- Sonata for cello & piano in G minor, Op. 65, CT. 204
- Introduction and Polonaise brillante for cello & piano in C major, Op. 3, CT. 148
- Grand Duo on themes from Meyerbeer's Robert le diable for cello & piano in E major, KK IIb/1, CT. 10 (B. 70)
- Piano Trio in G minor, Op. 8, CT. 206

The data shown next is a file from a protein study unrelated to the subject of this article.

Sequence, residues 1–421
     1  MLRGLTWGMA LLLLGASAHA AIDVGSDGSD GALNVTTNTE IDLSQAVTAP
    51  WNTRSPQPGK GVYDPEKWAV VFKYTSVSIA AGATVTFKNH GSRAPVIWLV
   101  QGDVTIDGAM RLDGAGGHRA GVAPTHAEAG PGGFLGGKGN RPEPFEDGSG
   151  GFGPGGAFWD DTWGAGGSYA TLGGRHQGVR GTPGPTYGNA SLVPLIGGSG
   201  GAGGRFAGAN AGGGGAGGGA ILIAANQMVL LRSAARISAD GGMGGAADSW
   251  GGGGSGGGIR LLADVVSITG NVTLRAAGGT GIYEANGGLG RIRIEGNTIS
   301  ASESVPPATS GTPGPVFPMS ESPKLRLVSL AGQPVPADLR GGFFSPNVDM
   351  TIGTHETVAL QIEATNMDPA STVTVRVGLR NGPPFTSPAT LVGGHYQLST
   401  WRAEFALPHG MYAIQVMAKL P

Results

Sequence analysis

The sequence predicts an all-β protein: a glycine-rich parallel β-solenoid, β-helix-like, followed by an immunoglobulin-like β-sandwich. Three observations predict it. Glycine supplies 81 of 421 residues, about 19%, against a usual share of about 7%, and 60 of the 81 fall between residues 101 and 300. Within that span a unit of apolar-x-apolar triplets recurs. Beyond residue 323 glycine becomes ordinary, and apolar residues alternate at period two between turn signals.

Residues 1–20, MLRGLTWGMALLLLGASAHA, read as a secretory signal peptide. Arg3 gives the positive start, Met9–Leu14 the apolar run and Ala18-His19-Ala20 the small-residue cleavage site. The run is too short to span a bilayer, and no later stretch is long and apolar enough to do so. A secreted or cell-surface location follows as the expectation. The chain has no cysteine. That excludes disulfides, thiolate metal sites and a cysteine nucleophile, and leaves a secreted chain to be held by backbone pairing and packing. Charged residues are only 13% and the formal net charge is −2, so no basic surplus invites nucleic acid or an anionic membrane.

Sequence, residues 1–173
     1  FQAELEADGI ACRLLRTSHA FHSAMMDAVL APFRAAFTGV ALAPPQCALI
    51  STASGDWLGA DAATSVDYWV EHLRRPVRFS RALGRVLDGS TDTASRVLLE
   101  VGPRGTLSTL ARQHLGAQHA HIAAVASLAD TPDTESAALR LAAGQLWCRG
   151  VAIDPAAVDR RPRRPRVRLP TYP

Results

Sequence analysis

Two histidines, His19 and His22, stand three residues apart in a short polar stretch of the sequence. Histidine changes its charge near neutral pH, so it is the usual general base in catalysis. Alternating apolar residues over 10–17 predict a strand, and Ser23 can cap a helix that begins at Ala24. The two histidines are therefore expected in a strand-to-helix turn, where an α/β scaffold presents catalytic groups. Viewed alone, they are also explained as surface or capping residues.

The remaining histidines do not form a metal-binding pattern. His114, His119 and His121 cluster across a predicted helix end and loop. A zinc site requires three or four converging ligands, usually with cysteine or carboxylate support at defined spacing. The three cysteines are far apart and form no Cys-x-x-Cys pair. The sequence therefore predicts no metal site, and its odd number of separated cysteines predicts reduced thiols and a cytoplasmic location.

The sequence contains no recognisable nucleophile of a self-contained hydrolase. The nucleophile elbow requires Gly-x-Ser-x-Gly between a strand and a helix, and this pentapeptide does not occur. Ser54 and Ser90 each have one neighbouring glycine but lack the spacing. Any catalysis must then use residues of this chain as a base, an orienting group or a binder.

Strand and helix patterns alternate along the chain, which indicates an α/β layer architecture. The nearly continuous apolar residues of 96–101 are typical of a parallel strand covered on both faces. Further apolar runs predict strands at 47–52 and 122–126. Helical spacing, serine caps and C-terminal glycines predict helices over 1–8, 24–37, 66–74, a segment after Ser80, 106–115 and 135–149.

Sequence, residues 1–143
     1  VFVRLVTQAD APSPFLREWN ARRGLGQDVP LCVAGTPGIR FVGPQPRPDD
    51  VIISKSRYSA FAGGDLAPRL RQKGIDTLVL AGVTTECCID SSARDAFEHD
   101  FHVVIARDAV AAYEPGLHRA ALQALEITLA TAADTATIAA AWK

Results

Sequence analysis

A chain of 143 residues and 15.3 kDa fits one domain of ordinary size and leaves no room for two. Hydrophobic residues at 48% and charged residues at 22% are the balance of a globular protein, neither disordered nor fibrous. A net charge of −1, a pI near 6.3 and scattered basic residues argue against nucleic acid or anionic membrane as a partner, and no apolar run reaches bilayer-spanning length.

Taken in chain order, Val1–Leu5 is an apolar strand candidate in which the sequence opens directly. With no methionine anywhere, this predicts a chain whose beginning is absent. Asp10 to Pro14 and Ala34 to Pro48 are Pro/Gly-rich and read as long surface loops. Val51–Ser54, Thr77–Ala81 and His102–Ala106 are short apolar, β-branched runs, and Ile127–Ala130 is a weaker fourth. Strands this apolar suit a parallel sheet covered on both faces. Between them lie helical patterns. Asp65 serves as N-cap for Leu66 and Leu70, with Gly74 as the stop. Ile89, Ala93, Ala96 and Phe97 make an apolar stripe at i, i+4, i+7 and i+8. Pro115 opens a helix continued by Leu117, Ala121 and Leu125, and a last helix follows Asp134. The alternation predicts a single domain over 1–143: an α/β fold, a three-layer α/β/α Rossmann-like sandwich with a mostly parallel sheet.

The works of Chopin are almost exclusively dedicated to his own instrument, the piano. How fortunate for cellists, then, that on the few occasions the composer branched out to chamber music, that he so frequently included the cello. In fact, Chopin turned to the cello in the last chamber work -- the cello sonata -- he was to complete before his untimely death. Much like Rachmaninoff, Chopin's works for cello and piano are still heavily rooted in the piano, with the cello taking on a primarily melodic role while the technical aspects of the performance were left to the piano. In general, cellist Jiri Barta accommodates these demands. On the upper two strings of his instrument, Barta's tone is sufficiently bright to cut through the sometimes dense piano part while remaining sweet and warm enough to remind us why Chopin chose to write for this instrument. Problems occur on the G and C strings, however, when Barta's sound becomes diffuse and unfocused. Intonation is typically strong with the notable exception of the double-stops at the opening of the sonata's Finale. Interpretively, his performances are solid but uninspiring and unmoving. Listeners may also wish to investigate the more passionate performance of cellist David Finckel and pianist Wu Han. Also on this CD is the "Op. 8 Piano Trio in G minor." Supraphon's recorded sound here is quite different that in the previous tracks. All three instruments suffer from an overall muddy sound, particularly in their lower registers. While violinist Jan Talich's performance is fierier than Barta's, is still not quite enough to rise above the dullness of the recorded sound.